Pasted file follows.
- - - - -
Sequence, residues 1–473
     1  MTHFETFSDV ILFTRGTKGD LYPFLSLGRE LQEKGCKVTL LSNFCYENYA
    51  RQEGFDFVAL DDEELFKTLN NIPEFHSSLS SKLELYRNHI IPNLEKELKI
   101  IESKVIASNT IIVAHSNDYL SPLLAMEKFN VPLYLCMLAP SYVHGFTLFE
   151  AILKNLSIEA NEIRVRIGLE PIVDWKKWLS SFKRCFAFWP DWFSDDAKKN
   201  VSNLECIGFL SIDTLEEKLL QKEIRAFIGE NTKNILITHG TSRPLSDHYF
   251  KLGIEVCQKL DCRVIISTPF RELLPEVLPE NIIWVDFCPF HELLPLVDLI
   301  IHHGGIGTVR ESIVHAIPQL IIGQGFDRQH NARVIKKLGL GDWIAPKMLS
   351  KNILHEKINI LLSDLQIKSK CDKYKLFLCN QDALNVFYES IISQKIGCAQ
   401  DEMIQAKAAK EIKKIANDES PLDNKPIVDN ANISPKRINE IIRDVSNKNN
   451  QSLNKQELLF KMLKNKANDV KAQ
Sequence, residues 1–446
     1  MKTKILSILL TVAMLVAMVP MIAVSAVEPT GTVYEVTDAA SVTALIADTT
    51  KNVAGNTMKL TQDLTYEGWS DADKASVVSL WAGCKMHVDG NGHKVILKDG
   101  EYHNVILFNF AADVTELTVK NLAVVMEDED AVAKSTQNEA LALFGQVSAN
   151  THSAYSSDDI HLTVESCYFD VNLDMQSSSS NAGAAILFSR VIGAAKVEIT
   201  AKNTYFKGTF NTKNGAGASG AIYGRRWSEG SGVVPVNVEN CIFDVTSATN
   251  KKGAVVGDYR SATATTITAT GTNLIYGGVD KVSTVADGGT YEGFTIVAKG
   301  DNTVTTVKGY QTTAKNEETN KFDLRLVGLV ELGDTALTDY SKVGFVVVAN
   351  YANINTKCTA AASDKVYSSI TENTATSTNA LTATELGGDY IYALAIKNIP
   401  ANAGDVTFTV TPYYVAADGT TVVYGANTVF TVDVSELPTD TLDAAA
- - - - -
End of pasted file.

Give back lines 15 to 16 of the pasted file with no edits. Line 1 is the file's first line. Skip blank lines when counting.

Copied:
   101  EYHNVILFNF AADVTELTVK NLAVVMEDED AVAKSTQNEA LALFGQVSAN
   151  THSAYSSDDI HLTVESCYFD VNLDMQSSSS NAGAAILFSR VIGAAKVEIT